For Brexit to be a Success, UK and US Must Work Together to End German Hegemony

For Brexit to be a Success, UK and US Must Work Together to End German Hegemony

  (Photo by Calgacus) By Joshua Tartakovsky Calgacus 13 January 2016 Britain chose Brexit. Now Britain must find a way to leave while protecting its interests and finding an honorable compromise with its central trading partner. The problem is that forging a fair agreement with the EU, dominated by Germany, is impossible. In an election year where both French President Hollande and German Chancellor Merkel are facing increasingly potent eurosceptical challengers, and as Merkel’s refugee-friendly policy is revealing itself as lunacy in the streets of Berlin, it takes a high level of naiveté to assume that EU elite in Brussels would want to give Britain a fair deal. Anything less than ‘punishing’ Britain for daring to break free would embolden Front National, Alternative for Germany, and Wilders’ Party for Freedom in the Netherlands where elections will be held in March. Hollande and Merkel can hardly have the tranquility and good judgment needed for even a meagre compromise as they feel the ground shaking beneath their feet. Britain buys 7% of German exports. But Germany will not permit the EU to unravel for the sake of staying in good terms with Britain. If the EU breaks up, German industries would no longer dominate the EU, and Spanish, Italian or French products, now cheaper without the euro, could present a viable competition as they will be more attractive for buyers abroad. Similarly, Germany has already shown its inflexibility by the hardline it took towards Greece’s desperate pleas for a compromise on its debt. The Greek economy is on its death bed but Germany did not flinch. Germany’s financial interest is to...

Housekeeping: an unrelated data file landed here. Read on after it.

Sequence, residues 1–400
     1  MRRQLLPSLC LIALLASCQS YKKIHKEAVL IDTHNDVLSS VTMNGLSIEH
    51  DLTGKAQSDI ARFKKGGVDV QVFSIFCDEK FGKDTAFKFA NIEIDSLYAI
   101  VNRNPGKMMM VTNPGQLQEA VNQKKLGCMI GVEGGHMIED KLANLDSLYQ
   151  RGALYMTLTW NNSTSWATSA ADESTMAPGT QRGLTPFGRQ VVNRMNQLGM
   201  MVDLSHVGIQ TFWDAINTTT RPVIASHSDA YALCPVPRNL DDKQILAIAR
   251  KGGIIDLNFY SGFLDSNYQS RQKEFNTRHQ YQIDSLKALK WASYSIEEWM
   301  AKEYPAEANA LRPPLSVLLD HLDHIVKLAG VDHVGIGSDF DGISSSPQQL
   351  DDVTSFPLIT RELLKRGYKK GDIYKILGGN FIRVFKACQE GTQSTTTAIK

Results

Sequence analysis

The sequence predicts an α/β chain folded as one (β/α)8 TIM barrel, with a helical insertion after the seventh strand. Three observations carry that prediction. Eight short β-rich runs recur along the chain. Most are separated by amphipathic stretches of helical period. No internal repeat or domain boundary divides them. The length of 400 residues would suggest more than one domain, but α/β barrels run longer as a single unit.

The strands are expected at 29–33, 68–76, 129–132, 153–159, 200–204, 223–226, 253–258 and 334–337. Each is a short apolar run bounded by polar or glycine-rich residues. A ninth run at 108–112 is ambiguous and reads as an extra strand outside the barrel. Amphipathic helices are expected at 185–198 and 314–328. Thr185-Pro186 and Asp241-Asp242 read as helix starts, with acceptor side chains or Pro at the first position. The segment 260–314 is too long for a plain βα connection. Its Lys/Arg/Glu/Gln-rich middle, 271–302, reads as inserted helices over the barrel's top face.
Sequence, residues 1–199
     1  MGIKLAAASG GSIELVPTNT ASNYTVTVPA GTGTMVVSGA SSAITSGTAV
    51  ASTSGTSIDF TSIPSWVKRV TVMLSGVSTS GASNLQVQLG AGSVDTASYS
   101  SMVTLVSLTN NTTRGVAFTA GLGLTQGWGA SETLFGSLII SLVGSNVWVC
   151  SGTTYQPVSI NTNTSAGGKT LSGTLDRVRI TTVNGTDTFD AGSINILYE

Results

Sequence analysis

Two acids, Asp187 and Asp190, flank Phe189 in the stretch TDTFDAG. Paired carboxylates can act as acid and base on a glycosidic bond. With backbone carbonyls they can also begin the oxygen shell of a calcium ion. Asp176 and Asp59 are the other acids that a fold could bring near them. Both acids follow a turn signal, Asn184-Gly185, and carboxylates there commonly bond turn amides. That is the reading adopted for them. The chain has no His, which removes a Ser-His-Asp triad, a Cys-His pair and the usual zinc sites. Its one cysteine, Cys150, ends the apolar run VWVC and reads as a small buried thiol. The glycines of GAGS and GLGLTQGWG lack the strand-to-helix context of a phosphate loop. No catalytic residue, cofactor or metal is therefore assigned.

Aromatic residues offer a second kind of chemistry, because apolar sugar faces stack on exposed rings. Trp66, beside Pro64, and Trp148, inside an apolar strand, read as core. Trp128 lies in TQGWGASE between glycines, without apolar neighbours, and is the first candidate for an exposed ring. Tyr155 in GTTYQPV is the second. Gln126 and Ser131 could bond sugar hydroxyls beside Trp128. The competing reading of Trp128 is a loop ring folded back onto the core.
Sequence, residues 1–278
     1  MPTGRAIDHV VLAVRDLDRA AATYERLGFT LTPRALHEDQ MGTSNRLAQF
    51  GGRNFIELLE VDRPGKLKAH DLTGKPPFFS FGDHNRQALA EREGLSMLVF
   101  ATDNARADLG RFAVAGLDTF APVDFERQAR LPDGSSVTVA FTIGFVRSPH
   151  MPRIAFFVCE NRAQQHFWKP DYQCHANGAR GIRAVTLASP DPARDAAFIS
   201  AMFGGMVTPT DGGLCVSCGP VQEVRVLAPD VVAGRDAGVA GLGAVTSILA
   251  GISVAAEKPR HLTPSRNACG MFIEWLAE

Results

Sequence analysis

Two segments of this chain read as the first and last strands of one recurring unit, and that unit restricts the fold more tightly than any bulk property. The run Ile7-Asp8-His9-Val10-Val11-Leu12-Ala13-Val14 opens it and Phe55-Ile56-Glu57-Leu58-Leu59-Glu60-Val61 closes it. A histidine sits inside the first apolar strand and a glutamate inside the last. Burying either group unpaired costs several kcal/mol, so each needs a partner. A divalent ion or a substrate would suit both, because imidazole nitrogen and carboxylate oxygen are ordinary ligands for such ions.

Greece: In the Eye of the Storm

Greece: In the Eye of the Storm

By Joshua Tartakovsky, 7 April 2016 Greece is once again in the eye of the storm. This is true for several reasons. It is the only EU country where transnational EU capitalism failed (remember that when people tell you about how communism failed, and while they are right, capitalism failed and is failing too). Now according to Wikileaks, the IMF is considering creating a“credit event” against the country. Greece also became a magnet for migrants and so-called refugees. The country is mired in such a deep recession that it can never possibly recover. Ever. (How about that for American optimism?) In fact, in order to continuously pay for the debt, more cuts will be needed, homes will be repossessed, pensions will be sliced. All this in a country where a third are under the poverty line, where a majority of youth are unemployed and where the entire family often lives off pensions of the elderly. The debt will be paid for an eternity but it will not be followed by economic growth. When “life as it is” is not bearable, what do more cuts mean? More suffering, deeper into the endless pit. No hope. No future. Welcome to 21st Century EU Capitalism. Recession, austerity, crisis. Of course, Greece was the first victim. Its naïve populace with its good intentions believed joining EU was a glamorous endeavor. The Euro seemed shiny and starry.  But now that industries are destroyed, people have no money, and businesses close every day, the EU does not seem like such a big fantasy anymore. Now it is too late. (However, if only the Greeks could...
Portugal : A Preemptive Strike

Portugal : A Preemptive Strike